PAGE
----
• Oslo Peace Accord:With the mediation of US and Russia in 1993, Israel and PLO signed the Oslo Peace accord which was based on the concept of two-state solution.
  • Camp David Summit (2000):It aimed to help the two sides finally agree on a settlement, but the talks eventually failed. The violence led to the Second Intifada.
  • Second Intifada (2000-05): In 2000, a more violent Palestine Uprising started and a large number of civilians died on both sides.
  • Gaza Expulsion plan (2005):This is a unilateral disarmament plan by Israel by which Israel’s defence forces leave the Gaza strip and four settlements in the northern West Bank.

India’s Stand On Palestine-Israel Conflict

  • India has consistently supported the legitimate right of the Palestinian people to a State and the consequent imperative need for a just, comprehensive and lasting peace in the region based on United Nations Security Council resolutions as well as the principle of “Land for Peace.”


Congress working committee sent greetings to Palestine and on 27th September first observed Palestine day.


Session of INC adopted a resolution on Palestine and looked forward to the emergence of an Independent democratic state in Palestine in which Jews rights would be protected. India was the member of UN special committee on Palestine.


India became the first non – Arab country to recognize the Palestine Liberation Organization (PLO) as the sole and legitimate representative of the Palestine people.


GOI announced in Parliament India’s decision to accord full diplomatic recognition to the PLO office in New Delhi. It was after this that Yasser Arafat paid a three day visit to India, during which he described India as an ‘eternal friend’.


India recognized Palestine as a state. Indian Government has constructed the Palestine embassy building in New Delhi, as a gift of the people and GOI to the Palestine people.


India favored UNHRC’s resolution to probe Israel’s human rights violations in Gaza. Despite supporting probe, India abstained from voting against Israel in UNHRC IN 2015.

Until 2017

India’s position was that it supported “the Palestinian cause and called for a negotiated solution resulting in a sovereign, independent, viable and united State of Palestine, with East Jerusalem as its capital, living within secure and recognised borders, side by side at peace with Israel”.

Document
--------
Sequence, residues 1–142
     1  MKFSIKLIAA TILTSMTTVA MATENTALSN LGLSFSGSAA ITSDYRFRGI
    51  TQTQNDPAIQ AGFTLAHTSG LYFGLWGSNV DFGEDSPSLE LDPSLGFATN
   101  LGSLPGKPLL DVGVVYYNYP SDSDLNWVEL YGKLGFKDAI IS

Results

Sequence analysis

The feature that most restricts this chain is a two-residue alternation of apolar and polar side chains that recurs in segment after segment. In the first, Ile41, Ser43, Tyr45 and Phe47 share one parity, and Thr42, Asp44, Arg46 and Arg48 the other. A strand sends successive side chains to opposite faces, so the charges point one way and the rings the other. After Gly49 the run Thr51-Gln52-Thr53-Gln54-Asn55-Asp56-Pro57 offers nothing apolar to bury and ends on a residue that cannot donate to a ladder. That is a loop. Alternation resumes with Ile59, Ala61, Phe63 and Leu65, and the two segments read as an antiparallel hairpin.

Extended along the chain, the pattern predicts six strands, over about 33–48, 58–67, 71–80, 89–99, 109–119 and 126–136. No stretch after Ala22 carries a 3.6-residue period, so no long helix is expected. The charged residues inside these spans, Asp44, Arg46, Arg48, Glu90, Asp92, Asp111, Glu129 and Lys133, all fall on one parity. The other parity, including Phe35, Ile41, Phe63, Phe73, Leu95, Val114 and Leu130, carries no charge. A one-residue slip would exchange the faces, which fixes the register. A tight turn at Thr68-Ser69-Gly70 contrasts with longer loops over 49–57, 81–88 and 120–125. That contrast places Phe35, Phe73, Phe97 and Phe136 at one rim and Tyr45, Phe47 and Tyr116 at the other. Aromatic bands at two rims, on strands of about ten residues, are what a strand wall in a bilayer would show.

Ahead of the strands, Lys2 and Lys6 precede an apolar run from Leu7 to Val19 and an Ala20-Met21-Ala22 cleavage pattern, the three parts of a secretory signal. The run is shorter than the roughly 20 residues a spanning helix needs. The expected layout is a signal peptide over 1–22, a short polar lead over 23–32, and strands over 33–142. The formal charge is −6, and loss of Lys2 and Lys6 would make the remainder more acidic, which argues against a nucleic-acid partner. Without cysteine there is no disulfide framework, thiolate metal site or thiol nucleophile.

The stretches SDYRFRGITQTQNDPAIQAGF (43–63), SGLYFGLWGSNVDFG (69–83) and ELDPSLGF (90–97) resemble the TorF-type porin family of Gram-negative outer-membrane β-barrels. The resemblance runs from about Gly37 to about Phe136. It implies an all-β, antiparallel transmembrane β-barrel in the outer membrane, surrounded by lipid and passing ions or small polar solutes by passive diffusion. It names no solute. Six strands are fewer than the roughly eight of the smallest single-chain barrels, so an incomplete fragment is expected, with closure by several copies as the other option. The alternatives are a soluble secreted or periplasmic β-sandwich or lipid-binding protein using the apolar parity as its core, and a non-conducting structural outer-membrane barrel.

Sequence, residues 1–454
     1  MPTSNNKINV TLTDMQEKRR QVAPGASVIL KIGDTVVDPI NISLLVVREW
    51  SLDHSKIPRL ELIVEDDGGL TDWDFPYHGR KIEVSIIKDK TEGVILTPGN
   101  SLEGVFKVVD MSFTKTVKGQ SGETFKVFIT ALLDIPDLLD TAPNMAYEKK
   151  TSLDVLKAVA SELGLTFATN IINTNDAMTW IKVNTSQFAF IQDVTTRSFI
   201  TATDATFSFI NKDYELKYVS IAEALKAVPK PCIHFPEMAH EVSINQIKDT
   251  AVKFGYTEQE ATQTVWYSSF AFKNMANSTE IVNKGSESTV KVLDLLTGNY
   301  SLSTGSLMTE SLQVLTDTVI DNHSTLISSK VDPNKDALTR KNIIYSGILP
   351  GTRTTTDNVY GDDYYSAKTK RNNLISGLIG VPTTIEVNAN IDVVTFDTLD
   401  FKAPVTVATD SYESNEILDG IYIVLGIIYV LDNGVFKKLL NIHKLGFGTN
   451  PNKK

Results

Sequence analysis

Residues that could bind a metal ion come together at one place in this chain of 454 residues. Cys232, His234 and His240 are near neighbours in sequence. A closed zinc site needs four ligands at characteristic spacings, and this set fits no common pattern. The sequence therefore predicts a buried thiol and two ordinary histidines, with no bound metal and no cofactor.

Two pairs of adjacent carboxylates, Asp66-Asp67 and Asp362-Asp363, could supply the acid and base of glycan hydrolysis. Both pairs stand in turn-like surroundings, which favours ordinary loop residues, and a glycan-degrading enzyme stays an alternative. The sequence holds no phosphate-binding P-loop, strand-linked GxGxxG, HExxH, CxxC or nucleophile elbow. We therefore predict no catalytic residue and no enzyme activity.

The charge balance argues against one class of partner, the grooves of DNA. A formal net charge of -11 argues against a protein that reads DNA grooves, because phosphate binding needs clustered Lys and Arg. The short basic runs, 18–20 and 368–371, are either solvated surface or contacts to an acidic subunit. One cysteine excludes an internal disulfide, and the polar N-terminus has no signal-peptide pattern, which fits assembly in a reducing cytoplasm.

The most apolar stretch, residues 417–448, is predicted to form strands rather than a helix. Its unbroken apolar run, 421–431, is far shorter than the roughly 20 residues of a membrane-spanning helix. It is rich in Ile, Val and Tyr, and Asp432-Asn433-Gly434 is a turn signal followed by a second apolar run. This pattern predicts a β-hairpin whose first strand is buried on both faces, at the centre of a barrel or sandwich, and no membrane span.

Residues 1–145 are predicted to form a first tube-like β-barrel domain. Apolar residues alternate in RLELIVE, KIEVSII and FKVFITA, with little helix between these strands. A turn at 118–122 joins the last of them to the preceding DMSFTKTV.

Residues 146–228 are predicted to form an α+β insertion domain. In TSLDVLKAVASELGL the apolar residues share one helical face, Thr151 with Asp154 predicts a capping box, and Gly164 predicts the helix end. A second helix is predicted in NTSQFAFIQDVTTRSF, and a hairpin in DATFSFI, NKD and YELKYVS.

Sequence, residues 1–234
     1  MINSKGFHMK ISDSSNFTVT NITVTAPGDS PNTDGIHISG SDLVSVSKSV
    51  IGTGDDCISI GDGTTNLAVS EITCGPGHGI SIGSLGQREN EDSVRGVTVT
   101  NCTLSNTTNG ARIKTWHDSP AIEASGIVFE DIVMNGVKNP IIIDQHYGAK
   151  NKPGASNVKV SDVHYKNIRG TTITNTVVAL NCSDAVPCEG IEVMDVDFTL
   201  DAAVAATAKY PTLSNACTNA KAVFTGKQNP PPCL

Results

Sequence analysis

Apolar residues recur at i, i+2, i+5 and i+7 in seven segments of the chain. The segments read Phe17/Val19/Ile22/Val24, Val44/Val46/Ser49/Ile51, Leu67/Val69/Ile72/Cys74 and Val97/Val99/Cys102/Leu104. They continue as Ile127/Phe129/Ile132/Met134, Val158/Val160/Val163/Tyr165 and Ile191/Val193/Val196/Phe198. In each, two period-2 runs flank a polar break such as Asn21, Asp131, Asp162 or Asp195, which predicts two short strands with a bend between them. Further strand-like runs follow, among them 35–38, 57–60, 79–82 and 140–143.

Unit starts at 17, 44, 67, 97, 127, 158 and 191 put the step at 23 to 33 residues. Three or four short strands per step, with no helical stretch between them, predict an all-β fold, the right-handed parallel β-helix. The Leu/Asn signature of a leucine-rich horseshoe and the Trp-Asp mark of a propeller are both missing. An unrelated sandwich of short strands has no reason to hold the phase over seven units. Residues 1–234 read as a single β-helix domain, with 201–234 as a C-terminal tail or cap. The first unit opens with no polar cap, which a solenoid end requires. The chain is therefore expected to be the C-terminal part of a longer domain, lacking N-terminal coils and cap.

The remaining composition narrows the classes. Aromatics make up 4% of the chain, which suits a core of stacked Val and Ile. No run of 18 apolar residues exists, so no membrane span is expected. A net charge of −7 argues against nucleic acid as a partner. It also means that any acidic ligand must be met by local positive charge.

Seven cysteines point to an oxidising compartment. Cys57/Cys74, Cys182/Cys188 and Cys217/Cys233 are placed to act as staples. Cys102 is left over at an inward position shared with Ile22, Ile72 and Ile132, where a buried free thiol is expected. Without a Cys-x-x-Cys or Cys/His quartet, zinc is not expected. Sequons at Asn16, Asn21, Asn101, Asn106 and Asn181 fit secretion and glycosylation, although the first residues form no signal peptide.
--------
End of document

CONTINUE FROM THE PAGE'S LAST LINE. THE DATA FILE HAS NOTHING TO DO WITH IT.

India de-hyphenated its relationship with Israel and Palestine as part of its West Asia policy to treat both the countries mutually independent and exclusive.


India voted in favor of a decision introduced by Israel in the UN Economic and Social Council (ECOSOC) that objected to granting consultative status to a Palestinian non-governmental organization


India asked Israel and Palestine to resolve issues between them through direct negotiations and engage with each other to find an acceptable "two-states solution" for peaceful coexistence.


At the UNSC meet recently, India reaffirmed its support for Palestine, but stopped short of making any direct reference to the status of Jerusalem or the future Israel-Palestine borders.


Way Forward:

  • Both Israel and Palestine should immediately resume the peace talks under the guidance of the UNSC.
  • Further any successful peace initiative would need to resolve the four core issues: West Bank borders/settlements, Israeli security, Palestinian refugees, and Jerusalem.
  • There must be proper adherence to UNSC resolution 2334which states that Israel’s settlement activity has no legal validity and demands that it stop such activity.
  • India should counsel Israel to exercise restraint and move towards a two-state solution.
  • The best solution is a “two-state solution” that would establish Palestine as an independent state in Gaza and most of the West Bank, leaving the rest of the land to Israel.